After 13 months of pointless scrutiny, federal regulators have done what they were certain to do all along, and blessed the most momentous media deal of this still-new century: The takeover by Comcast, the biggest U.S. cable operator, of NBC Universal, one of the country's premier sources of news and entertainment.
The scope of this deal exceeds its nearly $14 billion price. That's because Comcast controls the pipes. True, it's also a content mill in its own right -- with a dozen regional sports networks, the Golf Channel, E! Entertainment, and online properties -- but its real business is sending TV and Internet into one in every five U.S. cable households, 17 million in all.
Now it gets a majority stake in NBC Universal, with 25 local TV stations, including those of its Telemundo subsidiary -- the No. 2 Spanish-language network -- and more than 200 affiliates, reaching 99 percent of U.S. homes. Plus, NBCU includes the legendary Universal Studios and theme parks, the USA Network, Bravo, Syfy, Oxygen, and The Weather Channel.
Although NBC has looked bad lately with its dithering over Jay Leno and its limp prime-time lineup, it is still a TV giant. As USA Today noted, Comcast is getting the top-rated evening newscast (NBC Nightly News), morning newscast (The Today Show), and Sunday talk show (Meet the Press), as well as the leading TV business news source (CNBC), and MSNBC, the cable partnership with Microsoft.
So this deal is big, the biggest mashup of media distribution and production might since the Hollywood studios were forced to shed their theater chains in 1948. You'd think that in an era when media-bashing is so popular somebody might decide to take this public.
But the curious fact is that concentration of media power is one of those subjects, like love of flag, where our normally fractious political partisans find rare common ground. They all say nothing. And the media themselves, with obvious conflicts of interest, are happy to believe the story is too obscure or too complicated for their G-rated audience.
That's fine for Comcast. For the rest of us, not so fine. For starters, the deal will cost us. A study conducted for a cable operators group by William Rogerson, formerly the Federal Communications Commission's chief economist, concluded that consumers will pay $2.4 billion more for cable service over the next nine years.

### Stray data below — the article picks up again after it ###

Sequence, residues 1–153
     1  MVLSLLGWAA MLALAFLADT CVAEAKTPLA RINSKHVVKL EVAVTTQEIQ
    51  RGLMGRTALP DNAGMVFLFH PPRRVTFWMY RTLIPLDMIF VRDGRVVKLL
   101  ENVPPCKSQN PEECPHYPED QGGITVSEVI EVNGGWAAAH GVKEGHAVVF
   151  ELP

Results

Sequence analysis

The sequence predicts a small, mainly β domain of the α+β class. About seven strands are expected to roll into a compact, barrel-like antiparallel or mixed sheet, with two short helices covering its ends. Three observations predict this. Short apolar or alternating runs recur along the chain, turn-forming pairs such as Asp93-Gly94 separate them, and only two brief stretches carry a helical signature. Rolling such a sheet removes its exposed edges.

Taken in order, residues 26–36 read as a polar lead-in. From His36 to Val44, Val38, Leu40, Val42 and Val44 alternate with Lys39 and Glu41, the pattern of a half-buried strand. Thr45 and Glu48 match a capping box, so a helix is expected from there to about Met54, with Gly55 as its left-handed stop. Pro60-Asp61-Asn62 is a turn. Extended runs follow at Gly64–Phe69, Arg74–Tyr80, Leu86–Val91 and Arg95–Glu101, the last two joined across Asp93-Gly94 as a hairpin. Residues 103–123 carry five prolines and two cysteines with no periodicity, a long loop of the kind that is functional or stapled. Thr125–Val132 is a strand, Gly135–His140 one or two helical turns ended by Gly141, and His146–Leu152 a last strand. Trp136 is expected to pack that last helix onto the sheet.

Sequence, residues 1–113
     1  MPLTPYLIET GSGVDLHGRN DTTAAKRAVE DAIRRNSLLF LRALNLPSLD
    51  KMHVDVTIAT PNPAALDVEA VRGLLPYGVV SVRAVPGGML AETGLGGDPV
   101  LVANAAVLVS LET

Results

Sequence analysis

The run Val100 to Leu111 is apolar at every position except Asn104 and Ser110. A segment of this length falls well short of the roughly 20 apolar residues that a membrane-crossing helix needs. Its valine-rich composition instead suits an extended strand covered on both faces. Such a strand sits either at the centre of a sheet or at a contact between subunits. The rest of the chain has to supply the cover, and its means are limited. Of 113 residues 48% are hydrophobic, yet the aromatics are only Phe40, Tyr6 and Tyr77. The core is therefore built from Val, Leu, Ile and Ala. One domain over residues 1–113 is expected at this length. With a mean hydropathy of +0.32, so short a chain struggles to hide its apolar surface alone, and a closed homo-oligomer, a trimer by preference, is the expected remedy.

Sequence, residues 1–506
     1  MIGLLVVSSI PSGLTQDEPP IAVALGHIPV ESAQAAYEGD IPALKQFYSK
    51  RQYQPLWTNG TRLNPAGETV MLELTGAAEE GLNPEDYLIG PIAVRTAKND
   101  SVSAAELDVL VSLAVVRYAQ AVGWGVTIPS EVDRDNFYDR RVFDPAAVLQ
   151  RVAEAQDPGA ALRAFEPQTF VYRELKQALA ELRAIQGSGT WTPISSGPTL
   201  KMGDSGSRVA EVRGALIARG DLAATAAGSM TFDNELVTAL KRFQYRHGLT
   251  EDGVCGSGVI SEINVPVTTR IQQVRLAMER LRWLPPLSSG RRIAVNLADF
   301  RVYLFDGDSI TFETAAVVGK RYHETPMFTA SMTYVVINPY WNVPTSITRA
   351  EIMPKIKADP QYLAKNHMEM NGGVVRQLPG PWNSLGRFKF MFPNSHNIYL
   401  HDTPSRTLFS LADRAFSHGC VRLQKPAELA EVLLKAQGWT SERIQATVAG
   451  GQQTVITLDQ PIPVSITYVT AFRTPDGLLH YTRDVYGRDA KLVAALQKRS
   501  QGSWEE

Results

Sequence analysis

Why? Rogerson's study looked at Comcast's ability to raise fees it charges other cable systems for the vast range of program offerings it will control, and the knock-on effect those increases will have on cable rates industry-wide.
His analysis hints at a more basic reality: The same reasons the deal is good business are why it's bad public policy. When a media company that dominates distribution also becomes a major content producer it acquires enormous power. Indeed, that's the main business reason for doing the deal.
That power insulates the company from the bracing influence of the marketplace, and gives it huge unfair advantages over rivals, independents and upstarts, and sweeping control over what new services are made available, to whom, and at what price.
If you're Comcast, you'll use your cable systems to favor your program networks, and your program networks to favor your cable systems.
Look at your leverage: You can help your program networks by consigning their competitors to the Siberia of cable channels so nobody will find them. You can deny competing networks or online services access to your cable customers altogether. You can withhold your most popular networks from other cable systems to weaken them. You can lean on independent networks to keep off rival cable systems if they want to get on yours. You can strong-arm rival cable systems into carrying even your weakest networks by packaging them with the popular ones.
Regulatory approval of the merger prohibits some of that, but these abuses are notoriously difficult to document, let alone undo.
Comcast could never really argue that its plan was in the public interest, which it unquestionably is not, so it resorted to wholly irrelevant pageantry to disarm opponents. It announced vague agreements to launch a rainbow of cable networks, perhaps 10 in all, four for African-Americans; four for Latinos; one or two for Asian-Americans.
It also promised arrangements with nonprofit news outfits in five cities where NBC owns stations, giving the nonprofits undefined support (and assuring the stations cheap, quality content.) Again, the promise is vague, and again, it's nothing that couldn't happen without the merger, but it still prompted a gullible New York Times headline: ``Nonprofit News May Thrive in Comcast Takeover.''
If so, we might at least see one bit of public benefit in a deal that the public, and the rest of the industry, will be paying heavily for.